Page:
Jacqueline Signorini & Patrick Greussay



When the going get rough, and if we are lucky, here comes an ambulance with experienced paramedics: we get 15mg of morphine, the pain is alleviated but remains sufficiently high that transportation is still not possible. Paramedics are reluctant to add more morphine, something else is needed, but at which dosage? This is a systemic question involving molecular and physiological processes. What to do? Ask the Medical Emergency Embedded Active Knowledge Base (MEEAKB) via its interface. The answer will be of course Laroxyl with a dosage of no more than 50mg.
Our proposal is a first specification of this integrated tool along with the previous example handled at the molecular, cell or organ level. Plus a first step towards its question-answering interface.

I intend to propose a model for the building of an embedded active knowledge base as a tool for medical emergency diagnosis and prescriptions.
Let me explain what MEEAKB is about:

I illustrate what I mean with a simple scenario:

A gentleman over sixty suddenly gets into acute muscular pain. Even morphine cannot entirely overcome the pain, so that additional care must be given before the transportation to a hospital. Our gentleman has family antecedent in chronic orthostatic hypotension, is already diagnosed with massive decalcification and is known for negative response to anti-inflammatory medications.
                          Our knowledge base must work as follows:
More morphine is out of the question because of hypotension issues. Anti-inflammatories are very dangerous. To get over the pain to the point that the patient can be moved to the hospital, the doctor should prescribe a tricyclic antidepressant, particularly amitriptyline, known for its analgesic effect in neuropathic pain: Laroxyl (amitriptyline) with Tramadol. Which dosage? The answer must be quick: there is an obvious risk of seizure during coadministration of Tramadol with selective serotonin reuptake inhibitors and of any substance that can reduce the seizure threshold. These agents may have additive effects during coadministration. Besides, linked to blood pressure problems, complications with kidneys and liver are likely to occur. The knowledge base must therefore propose Laroxyl with 50mg for the next 20 minutes.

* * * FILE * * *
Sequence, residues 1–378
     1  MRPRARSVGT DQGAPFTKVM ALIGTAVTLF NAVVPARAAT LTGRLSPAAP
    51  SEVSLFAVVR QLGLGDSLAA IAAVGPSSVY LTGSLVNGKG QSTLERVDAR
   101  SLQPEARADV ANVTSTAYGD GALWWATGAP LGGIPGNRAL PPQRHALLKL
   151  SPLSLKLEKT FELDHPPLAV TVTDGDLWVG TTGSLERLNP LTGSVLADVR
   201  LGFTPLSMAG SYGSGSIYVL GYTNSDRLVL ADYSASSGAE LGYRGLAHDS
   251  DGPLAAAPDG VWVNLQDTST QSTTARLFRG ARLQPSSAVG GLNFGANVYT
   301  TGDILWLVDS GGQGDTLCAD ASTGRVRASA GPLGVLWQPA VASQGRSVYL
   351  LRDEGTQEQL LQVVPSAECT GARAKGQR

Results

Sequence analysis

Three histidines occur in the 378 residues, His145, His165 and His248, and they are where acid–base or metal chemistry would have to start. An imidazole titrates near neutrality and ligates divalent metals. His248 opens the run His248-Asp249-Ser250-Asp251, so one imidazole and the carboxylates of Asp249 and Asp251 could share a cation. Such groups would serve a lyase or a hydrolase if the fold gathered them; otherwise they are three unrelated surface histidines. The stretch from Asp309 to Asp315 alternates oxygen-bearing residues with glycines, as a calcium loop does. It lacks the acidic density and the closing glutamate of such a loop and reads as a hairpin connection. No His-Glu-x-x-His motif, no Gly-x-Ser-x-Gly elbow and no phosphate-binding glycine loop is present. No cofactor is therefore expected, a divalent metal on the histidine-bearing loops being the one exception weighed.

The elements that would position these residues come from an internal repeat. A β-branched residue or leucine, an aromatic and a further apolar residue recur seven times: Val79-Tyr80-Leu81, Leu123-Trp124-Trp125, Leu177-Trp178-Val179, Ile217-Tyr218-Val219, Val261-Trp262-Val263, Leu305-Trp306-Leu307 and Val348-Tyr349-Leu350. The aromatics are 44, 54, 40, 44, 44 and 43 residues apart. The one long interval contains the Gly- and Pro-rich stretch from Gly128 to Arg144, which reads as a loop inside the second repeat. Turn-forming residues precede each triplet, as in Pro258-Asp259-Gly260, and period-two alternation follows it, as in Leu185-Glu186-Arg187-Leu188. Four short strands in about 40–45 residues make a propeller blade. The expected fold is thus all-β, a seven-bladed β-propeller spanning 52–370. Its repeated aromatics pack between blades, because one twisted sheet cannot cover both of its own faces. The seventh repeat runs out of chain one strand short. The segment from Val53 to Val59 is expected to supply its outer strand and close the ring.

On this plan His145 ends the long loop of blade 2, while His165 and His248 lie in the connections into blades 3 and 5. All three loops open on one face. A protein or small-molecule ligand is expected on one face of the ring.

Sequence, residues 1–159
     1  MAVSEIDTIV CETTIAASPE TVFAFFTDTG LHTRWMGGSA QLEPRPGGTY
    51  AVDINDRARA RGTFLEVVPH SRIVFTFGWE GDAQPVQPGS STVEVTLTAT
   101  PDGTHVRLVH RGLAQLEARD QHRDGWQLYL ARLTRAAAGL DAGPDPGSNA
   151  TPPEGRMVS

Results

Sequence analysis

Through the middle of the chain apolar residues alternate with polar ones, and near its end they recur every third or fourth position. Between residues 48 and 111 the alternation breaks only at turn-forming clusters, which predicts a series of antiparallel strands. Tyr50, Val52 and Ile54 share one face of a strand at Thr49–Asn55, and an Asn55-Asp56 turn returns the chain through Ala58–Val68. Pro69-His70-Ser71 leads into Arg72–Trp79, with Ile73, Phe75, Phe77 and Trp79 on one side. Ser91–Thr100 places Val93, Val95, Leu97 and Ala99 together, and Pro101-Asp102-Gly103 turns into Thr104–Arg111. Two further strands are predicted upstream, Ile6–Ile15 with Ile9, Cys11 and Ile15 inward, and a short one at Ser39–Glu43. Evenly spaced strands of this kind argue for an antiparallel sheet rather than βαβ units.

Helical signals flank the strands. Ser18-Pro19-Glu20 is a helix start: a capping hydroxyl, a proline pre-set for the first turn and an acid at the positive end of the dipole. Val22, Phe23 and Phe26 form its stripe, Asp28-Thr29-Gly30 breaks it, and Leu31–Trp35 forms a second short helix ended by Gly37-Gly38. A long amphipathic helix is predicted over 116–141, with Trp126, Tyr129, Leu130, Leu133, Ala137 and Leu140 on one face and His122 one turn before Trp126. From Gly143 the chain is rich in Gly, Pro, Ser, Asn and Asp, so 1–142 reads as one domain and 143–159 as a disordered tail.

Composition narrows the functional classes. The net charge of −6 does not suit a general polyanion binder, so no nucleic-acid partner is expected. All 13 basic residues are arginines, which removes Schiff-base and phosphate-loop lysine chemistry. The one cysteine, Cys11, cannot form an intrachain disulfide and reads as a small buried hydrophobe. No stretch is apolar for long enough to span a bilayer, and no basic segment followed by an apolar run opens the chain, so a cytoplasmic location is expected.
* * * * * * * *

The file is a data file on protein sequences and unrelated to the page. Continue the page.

To be able to suggest the immediate treatment, the knowledge base must contain active knowledge of processes at molecular, organic, pharmacological levels along with their integration into a super-process and its interface to help the emergency medical person.

To exist, our base must include:

  1. Detailed specification, at industrial strength, of medical processes.
  2. Integrated simulators for the physiological processes into a constraint-based deduction system and suggestion interface.
  3. Robustness at every level of the medical knowledge involved along with enough openness to accept a parameter-based reconfigurable suggestion-system.

At this moment, I am able to give a robust and standardized set of specifications for processes such as: deficiency in coagulation (biochemical level), deficiency in functional cell cluster in the liver (sub-organ level), deficiency in basic filtering in the kidney (organ and systemic levels).
I propose:

Moreover, I am now consulting the VisualMED Solutions company, based in Montreal, which has developed a repository-based clinical toolset and integrated electronic patient record. This company is of particular relevance, due to its real world experience with medical databases, and the feedback it has received from hospitals and medical personnel.

1.  J. Signorini & P. Greussay, A Case Study of Object-Oriented Bio-Chemistry: A Unified Specification of the Coagulation Cascade, Genome Informatics, Vol.14:1, 2003
2.  J. Signorini & P. Greussay, Object-Oriented Specification of Complex Bio-Computing Processes: Blood Clotting as a Case Study, LNCS Vol. 3141, 2004
3. J. Signorini & P. Greussay, Object-Oriented Wound Healing in the Liver: a Class-Structured View of Fibrogenesis and a Glimpse of its Evolution, ACM SIGAPP Symposium on Applied Computing, Santa Fe (USA), 2005
4. J. Signorini & P. Greussay, Silent Killing: an Object-Oriented View of Hypertension and Kidney Failures, IEEE 7th Symposium on Bioinformatics, Harvard Medical School, 2007